Best experienced with heaphones.
Naveed,You will not believe what I have stumbled onto here in Kadamane. I have been staying at the old estate bungalow for some days now. Last night, while a ferocious storm raged outside my window, I came across an obscure file. It appeared rather unimportant. I picked it up out of sheer boredom and was immediately struck by the title. It read: The Bear Girl Of Kadamane. One Mr. Angus Hutton had recorded in great detail, an astonishing incident that occurred in 1948. The story is so fascinating, I didn’t bat an eyelid until the reading was done.
Pankaj,A Bear Girl? For 3 years? That sounds almost impossible. No, that sounds completely impossible in my head. I can’t seem to believe it no matter what the reason or rhyme. What has Mr. Hutton said? Does he have photographs? What details are these? This was right after independence? Did any Indian authority record this? What happened to the girl? What happened to the bear? So many questions spring through my mind. What do the people of Kadamane make of this? Are they clouded by the same disbelief? Or has it assumed the role of a legend like it often does in small isolated villages such as these?
Dear Unconvinced,Yes. A ‘Bear Girl’ they called her. I cannot yet tell you how the residents of Kadamane recall this event - whether fact or fiction, since it happened over 65 years ago. I must admit, I will be very interested to find this all out for myself and have made an effort already; just this morning, speaking in broken tamil, I mentioned the ‘Karadi Ponnu’ to a tea worker. I could barely understand what he told me but this much I understood - there was such a story that was told by his grandmother. He does not remember it very well.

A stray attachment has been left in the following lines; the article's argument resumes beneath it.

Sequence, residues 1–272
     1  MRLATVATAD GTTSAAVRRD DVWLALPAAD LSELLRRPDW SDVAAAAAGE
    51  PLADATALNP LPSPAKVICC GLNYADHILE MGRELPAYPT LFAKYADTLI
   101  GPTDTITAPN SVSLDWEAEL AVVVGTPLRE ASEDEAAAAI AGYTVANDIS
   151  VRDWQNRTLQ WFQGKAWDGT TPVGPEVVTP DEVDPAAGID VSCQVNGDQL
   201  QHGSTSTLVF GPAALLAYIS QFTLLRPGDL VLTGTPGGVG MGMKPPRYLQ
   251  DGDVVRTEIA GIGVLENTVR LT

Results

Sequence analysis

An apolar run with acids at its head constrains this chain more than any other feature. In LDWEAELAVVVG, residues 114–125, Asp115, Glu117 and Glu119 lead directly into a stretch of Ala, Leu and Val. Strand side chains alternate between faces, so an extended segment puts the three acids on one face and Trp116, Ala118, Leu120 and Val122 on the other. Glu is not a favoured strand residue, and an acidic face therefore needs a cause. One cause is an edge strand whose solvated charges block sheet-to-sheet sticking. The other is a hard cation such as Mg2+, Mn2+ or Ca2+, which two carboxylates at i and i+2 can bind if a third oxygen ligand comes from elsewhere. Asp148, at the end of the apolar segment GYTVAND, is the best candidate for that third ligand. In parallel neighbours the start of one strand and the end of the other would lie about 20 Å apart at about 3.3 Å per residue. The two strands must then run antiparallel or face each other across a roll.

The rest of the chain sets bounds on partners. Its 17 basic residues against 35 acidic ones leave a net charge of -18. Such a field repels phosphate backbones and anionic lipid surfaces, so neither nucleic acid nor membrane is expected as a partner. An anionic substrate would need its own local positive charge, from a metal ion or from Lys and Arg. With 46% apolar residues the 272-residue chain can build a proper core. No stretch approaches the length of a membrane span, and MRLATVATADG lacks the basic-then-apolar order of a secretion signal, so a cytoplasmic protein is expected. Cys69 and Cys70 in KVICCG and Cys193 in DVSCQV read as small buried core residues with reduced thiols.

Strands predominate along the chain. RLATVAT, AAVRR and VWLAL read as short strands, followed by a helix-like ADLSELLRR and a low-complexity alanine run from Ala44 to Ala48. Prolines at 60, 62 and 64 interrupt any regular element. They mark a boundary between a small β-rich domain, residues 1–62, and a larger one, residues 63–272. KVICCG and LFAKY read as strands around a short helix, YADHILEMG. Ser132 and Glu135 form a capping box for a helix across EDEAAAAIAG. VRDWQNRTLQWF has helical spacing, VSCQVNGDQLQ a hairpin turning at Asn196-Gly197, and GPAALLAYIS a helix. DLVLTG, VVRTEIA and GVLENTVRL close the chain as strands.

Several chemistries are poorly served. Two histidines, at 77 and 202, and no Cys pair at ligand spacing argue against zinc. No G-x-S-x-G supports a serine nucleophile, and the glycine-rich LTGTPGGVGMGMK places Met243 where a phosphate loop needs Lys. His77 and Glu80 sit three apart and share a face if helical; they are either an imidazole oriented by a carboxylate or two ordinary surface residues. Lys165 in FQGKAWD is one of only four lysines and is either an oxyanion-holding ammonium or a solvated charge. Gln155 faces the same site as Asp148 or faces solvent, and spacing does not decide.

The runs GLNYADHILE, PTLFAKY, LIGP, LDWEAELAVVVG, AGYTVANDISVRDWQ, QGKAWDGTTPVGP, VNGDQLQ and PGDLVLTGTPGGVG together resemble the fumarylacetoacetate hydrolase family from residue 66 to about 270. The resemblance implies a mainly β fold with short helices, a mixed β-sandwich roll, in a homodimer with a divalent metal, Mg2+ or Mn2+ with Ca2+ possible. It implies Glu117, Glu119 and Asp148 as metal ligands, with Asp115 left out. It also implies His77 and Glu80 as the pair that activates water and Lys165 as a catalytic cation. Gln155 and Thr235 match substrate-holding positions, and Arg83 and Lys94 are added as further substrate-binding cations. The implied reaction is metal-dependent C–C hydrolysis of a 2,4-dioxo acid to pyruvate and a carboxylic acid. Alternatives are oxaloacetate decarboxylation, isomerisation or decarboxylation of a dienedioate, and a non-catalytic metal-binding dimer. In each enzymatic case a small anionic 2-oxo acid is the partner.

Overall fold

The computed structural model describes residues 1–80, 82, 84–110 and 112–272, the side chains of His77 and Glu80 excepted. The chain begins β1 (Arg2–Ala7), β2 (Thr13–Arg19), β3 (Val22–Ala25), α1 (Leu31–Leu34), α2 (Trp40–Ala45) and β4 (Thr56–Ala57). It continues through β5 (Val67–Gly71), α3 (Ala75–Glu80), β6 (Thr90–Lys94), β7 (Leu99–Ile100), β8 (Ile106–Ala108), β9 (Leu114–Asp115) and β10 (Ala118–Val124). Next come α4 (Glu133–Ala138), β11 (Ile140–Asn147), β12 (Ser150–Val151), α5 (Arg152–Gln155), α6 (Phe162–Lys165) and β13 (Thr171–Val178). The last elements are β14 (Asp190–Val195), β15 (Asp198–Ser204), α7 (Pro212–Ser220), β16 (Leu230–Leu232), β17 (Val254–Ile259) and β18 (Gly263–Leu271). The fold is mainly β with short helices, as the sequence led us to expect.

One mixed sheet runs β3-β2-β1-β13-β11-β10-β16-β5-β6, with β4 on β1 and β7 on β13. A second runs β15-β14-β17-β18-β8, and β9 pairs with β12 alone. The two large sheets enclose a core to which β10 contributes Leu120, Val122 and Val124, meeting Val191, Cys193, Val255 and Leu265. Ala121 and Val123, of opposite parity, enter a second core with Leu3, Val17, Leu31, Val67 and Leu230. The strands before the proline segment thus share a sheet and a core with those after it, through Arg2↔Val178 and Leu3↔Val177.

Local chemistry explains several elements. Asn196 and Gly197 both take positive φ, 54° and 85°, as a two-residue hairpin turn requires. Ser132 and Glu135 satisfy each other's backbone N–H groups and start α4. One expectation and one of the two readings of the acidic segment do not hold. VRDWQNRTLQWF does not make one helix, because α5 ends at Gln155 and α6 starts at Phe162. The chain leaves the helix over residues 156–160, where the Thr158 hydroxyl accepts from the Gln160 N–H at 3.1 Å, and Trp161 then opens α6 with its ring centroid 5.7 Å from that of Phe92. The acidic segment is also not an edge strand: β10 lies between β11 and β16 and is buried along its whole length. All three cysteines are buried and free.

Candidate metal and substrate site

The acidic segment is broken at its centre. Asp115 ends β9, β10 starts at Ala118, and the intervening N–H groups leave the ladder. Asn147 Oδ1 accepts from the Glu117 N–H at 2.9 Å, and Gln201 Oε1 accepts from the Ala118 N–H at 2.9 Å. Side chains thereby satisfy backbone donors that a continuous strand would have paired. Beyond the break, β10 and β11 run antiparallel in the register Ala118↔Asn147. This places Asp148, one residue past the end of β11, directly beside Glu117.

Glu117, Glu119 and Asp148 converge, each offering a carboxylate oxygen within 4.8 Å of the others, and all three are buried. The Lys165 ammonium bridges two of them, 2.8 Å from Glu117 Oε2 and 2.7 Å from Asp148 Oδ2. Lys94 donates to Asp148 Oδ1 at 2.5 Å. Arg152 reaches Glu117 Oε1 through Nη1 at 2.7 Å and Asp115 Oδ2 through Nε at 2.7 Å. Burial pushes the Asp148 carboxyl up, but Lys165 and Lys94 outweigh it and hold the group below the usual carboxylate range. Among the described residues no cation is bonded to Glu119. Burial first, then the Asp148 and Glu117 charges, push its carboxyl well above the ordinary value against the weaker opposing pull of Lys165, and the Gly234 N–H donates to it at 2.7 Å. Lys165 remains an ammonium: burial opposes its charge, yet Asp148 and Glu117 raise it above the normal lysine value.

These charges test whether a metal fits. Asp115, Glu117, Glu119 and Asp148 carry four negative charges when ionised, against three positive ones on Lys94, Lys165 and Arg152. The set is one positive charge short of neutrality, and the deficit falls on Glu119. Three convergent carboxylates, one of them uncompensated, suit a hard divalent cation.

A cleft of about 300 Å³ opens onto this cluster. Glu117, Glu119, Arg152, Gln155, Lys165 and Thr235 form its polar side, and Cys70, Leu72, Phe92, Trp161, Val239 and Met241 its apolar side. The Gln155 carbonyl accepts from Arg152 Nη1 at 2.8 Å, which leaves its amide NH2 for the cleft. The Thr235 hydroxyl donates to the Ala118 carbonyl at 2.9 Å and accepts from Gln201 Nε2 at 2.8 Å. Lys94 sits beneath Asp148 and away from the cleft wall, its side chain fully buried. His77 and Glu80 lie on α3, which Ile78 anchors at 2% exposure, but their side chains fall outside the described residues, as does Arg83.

Dear Mr. Ripley,I am finding it hard to believe this, so I must say that I am more sceptical than curious. I know all these questions are stuck in fading memories and uncertainities but here are just a couple more. Do they have any hospital records? Have you seen the photograph of the girl? That would be interesting as a starting point, it would also be interesting to hear what the older kadamane residents would say about this incident, though I wouldn’t be too optimistic about that.
Pankaj, What an intriguing morning that was. I honestly didn’t know what to expect from Mr Norman Woods but it has made me all the more curious and I want to dig a little deeper. It’s still all quite unreal to me, but let me try to put all that we heard into perspective.
So it was 1971, a good 24 years after the Bear girl was found. A young, vibrant Mr Norman woods, was scouting across a jungle when he came across a strange little child of his own. A boy who was wild and violent. He spoke a strange tongue and fought off Norman and the men who tried to bring him down. While I was surprised that they brought back the wild boy back to the Kadamane estate, I was even more surprised that they took him back to the same place and left him there. ‘A little devil’ was the term used by Papa Maestri, the leader of the tribal elders, from a tribe who Norman called ‘The most docile men and women on the planet’.